Anna attended Hamilton-Wenham public schools and graduated from Shore Country Day School in 2012. She attended Brooks School where she was a rising senior. Anna was an accomplished student-athlete and played varsity soccer and lacrosse throughout her years at Brooks. In addition to her successes on the playing field, Anna was held in the highest regard among her classmates and teachers at Brooks. She was captain of both the soccer and lacrosse teams, and had recently been elected Prefect by the entire student body and faculty at Brooks. Prefect is the school’s highest student leadership position and a recognition of Anna's accomplishments and impact on her community. Anna treasured time spent with her family. Together they enjoyed trips to many interesting destinations worldwide, summers on Lake Winnipesaukee, and winters skiing in Park City, Utah. In addition to these adventures, Anna loved time at home with her family. She could turn a quiet evening into a comedy showcase with her funny impressions, singing, dancing and humor. Anna was loved by her many friends and lit up a room with her radiant smile. Her quick wit entertained all who knew her and her kind spirit will be dearly missed.

Along with her mother and sisters, Anna is survived by her loving grandfather, Joseph Trustey of Glastonbury, CT; her aunts and uncles, Anne Marie (Trustey) and Kurt Guggenberger of North Andover, MA; Jeannie (Trustey) and Kevin Sullivan of Andover, MA; Kevin and Nancy Anderson of Chesterton, IN; Keith Anderson of South Bend, IN; and Jeanne (Anderson) and Bill Bruner of Muncie, IN. Anna leaves behind many cousins whom she loved dearly. She was also the granddaughter of the late Richard and Joann Anderson of Chesterton, IN, and Carol Trustey of Glastonbury, CT.

A Mass of Resurrection will be celebrated Wednesday at 10:00 am at the AJ Gordon Memorial Chapel at Gordon College, 255 Grapevine Rd., (Exit 17 off Rte. 128) in Wenham, MA. Relatives and friends are invited to attend. Visiting hours will be held Tuesday beginning at 3pm and concluding with a prayer service at 8:00 pm at the Shore Country Day School, 545 Cabot St., Beverly, MA. Burial will be private. Arrangements by the Campbell Funeral Home, 525 Cabot Street, Beverly. In lieu of flowers, the family asks that donations be made in Anna’s memory to the Anna Trustey Memorial Fund, Brooks School, 1160 Great Pond Road, North Andover, MA 01845.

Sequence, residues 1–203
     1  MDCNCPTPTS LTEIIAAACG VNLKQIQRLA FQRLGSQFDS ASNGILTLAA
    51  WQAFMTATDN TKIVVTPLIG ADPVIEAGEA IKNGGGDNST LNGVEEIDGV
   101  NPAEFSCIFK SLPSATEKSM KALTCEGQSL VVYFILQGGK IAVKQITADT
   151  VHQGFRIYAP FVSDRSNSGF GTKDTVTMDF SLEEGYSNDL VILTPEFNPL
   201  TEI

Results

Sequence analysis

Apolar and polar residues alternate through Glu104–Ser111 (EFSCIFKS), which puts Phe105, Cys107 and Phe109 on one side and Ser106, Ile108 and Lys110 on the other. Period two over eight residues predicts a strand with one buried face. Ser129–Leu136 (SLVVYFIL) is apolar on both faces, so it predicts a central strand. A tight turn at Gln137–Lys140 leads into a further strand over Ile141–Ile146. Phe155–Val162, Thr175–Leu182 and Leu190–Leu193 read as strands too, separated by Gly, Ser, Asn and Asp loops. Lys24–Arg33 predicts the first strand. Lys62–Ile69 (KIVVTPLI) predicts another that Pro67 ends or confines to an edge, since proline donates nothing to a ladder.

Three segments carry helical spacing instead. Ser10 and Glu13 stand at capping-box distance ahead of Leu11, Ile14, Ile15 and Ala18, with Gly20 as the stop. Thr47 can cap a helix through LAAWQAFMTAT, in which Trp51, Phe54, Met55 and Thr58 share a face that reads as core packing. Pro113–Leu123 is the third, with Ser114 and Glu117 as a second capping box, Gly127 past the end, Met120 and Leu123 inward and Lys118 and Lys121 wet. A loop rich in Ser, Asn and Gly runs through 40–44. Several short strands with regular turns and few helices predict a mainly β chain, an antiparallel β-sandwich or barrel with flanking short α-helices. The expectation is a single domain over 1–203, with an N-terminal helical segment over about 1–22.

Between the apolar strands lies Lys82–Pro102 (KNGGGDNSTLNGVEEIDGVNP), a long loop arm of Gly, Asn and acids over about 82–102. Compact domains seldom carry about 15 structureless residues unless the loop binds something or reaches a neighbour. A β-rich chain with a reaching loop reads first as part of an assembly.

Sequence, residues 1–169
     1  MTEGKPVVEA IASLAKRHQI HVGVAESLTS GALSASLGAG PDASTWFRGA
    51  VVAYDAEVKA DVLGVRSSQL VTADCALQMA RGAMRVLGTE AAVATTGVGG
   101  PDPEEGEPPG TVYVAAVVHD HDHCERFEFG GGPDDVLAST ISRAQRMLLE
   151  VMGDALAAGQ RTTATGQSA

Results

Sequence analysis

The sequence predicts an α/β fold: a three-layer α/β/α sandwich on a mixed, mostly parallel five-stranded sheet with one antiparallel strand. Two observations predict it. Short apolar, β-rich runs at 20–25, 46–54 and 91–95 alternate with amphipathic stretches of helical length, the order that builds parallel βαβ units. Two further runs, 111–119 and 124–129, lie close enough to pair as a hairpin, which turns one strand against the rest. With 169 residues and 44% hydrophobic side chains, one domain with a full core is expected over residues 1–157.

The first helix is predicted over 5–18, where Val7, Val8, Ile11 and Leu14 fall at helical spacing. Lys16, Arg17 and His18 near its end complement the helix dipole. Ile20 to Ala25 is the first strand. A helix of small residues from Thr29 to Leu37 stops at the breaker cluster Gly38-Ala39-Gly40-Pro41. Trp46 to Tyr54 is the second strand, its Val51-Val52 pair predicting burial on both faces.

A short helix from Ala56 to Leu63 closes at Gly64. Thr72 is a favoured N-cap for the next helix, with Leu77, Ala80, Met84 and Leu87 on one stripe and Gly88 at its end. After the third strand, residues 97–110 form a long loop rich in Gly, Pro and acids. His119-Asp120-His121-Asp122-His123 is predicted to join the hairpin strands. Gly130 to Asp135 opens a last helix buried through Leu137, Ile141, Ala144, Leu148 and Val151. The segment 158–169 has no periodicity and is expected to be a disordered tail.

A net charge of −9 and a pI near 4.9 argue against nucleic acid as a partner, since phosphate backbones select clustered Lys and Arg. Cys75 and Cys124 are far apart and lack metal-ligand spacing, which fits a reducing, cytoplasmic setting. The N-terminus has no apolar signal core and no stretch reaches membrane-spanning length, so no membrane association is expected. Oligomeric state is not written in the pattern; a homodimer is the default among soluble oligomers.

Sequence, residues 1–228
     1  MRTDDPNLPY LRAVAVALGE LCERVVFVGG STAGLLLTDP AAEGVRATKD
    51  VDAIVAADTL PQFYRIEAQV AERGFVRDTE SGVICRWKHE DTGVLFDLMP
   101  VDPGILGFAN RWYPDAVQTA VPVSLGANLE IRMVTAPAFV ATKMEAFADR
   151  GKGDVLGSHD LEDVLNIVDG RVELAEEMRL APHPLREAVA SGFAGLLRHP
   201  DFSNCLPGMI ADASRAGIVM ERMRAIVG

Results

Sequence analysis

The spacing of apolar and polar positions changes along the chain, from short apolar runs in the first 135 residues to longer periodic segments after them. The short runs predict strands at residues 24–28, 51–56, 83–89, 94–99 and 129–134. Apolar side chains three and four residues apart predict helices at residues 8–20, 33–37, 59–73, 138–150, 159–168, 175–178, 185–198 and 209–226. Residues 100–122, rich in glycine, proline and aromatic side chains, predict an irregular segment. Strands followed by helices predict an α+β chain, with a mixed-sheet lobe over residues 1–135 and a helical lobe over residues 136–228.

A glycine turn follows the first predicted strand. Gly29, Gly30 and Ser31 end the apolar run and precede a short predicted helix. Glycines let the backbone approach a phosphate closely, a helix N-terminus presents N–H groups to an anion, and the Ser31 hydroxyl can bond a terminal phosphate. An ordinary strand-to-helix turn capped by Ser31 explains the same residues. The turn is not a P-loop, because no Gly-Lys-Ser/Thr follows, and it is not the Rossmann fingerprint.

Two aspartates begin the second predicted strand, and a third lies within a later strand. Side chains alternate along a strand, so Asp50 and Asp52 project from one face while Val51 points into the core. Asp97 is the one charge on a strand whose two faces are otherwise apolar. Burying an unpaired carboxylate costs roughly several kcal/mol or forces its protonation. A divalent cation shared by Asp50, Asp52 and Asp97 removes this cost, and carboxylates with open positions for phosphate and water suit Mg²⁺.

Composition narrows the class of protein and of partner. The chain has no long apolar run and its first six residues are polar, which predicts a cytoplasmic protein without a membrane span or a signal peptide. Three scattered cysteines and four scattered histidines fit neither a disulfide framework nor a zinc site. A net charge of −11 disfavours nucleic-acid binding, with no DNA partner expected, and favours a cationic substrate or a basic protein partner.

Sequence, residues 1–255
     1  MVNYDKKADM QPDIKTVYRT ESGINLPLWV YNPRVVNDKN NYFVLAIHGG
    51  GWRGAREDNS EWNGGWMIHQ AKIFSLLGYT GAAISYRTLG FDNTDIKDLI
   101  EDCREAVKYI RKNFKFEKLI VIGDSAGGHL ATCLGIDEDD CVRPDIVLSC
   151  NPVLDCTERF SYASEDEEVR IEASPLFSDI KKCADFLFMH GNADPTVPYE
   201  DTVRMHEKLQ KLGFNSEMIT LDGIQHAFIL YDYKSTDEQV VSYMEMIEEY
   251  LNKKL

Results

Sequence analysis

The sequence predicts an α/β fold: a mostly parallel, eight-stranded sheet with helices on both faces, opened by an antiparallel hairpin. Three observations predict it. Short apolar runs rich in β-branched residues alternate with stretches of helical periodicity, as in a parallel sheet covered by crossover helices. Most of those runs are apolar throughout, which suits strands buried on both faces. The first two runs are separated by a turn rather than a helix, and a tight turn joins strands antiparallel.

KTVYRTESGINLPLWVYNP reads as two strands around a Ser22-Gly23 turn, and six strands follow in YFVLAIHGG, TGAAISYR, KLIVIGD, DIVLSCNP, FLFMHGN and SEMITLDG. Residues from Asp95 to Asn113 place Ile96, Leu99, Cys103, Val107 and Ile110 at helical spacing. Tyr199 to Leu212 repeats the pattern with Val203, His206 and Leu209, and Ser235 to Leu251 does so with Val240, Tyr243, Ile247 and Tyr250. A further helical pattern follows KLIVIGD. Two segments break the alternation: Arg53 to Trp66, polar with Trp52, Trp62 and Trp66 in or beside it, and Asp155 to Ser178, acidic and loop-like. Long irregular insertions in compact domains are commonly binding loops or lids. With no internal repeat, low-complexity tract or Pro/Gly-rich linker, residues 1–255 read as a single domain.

Read more:

Obituary for Joseph Trustey 

Joseph Francis Trustey, 53, of Wenham, Massachusetts passed away Wednesday, July 29, 2015, in an accident that also claimed the life of his daughter. Joe was the beloved husband of Kristine Anderson Trustey and the very proud father of A.J. (deceased), Caroline, Anna (deceased) and Claire. The son of Joseph Trustey and the late Carol (Bodell) Trustey, Joe was born July 10, 1962 in Pawtucket, Rhode Island and raised in Glastonbury, CT. He attended the University of Notre Dame where he received a BS in Chemical Engineering and went on to earn an MBA from the Harvard Business School where he was a Baker Scholar. 

Joe was a Managing Director and the Chief Operating Officer at Summit Partners at the time of his death. He joined Summit in 1992 and was instrumental in both defining and executing the firm’s strategy and culture. Over the course of his career, Joe led investments in more than 25 companies. Prior to working at Summit he worked as a consultant for Bain & Co. and served as a Captain in the U.S. Army.